So let’s talk about the difference between ECMAScript 6 and TypeScript in Ionic 2.

TypeScript and ECMAScript 6 in Ionic 2

The Ionic CLI supports generating both TypeScript and ES6 projects. Fortunately, the CLI handles all of the setup required to run both types of projects so there’s no heavy lifting required on the users end here. Currently if you start a project with the following command:

ionic start MyApp Blank --v2

then you will have a standard ES6 project generated with .js files. If you take a look at the app.js file it would look something like this:

import {App, Platform} from 'ionic-angular';
import {StatusBar} from 'ionic-native';
import {HomePage} from './pages/home/home';

@App({
  template: '<ion-nav [root]="rootPage"></ion-nav>',
  config: {}
})
export class MyApp {
  static get parameters() {
    return [[Platform]];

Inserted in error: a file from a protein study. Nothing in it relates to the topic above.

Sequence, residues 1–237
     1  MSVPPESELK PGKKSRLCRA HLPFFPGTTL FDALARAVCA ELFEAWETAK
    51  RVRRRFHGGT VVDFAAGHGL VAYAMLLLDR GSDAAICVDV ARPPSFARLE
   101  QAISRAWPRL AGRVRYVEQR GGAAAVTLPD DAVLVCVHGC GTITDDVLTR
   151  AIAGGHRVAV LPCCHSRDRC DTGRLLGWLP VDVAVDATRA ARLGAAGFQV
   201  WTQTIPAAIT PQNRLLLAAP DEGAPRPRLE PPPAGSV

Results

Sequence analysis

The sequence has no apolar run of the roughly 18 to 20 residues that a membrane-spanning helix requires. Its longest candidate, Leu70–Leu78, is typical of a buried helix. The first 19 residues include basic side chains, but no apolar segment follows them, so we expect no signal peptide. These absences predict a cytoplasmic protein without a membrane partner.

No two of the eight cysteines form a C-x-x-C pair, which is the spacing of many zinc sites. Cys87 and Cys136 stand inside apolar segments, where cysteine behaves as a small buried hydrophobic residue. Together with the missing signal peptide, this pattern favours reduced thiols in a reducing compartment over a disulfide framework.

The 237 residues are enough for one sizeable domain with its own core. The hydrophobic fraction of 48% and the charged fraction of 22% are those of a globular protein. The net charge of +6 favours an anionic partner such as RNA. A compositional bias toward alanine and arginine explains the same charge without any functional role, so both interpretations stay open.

}

  constructor(platform) {
    this.rootPage = HomePage;

    platform.ready().then(() => {
      StatusBar.styleDefault();
    });
  }
}

But if you include the --ts flag when creating a project like this:

ionic start MyApp blank --v2 --ts

you will get a TypeScript project with .ts files. If you take a look at the app.ts file it would look something like this:

import {App, Platform} from 'ionic-angular';
import {StatusBar} from 'ionic-native';
import {HomePage} from './pages/home/home';

@App({
  template: '<ion-nav [root]="rootPage"></ion-nav>',
  config: {}
})
export class MyApp {
  rootPage: any = HomePage;

  constructor(platform: Platform) {
    platform.ready().then(() => {
      StatusBar.styleDefault();
    });
  }
}

Pretty similar. The only real differences here are types:

rootPage: any = HomePage;

and dependency injection:

constructor(platform: Platform)

We’re going to talk through both of these concepts in a little bit more detail now.

Types

Types are pretty much the whole point of using TypeScript over ES6. Before ES6, which introduced things like classes, block scoping, and more, a huge benefit of using TypeScript was that it allowed you to use all of these features even with older versions of JavaScript. These features are supported natively now in ES6, but TypeScript still provides the added benefit of types which standard ES6 does not.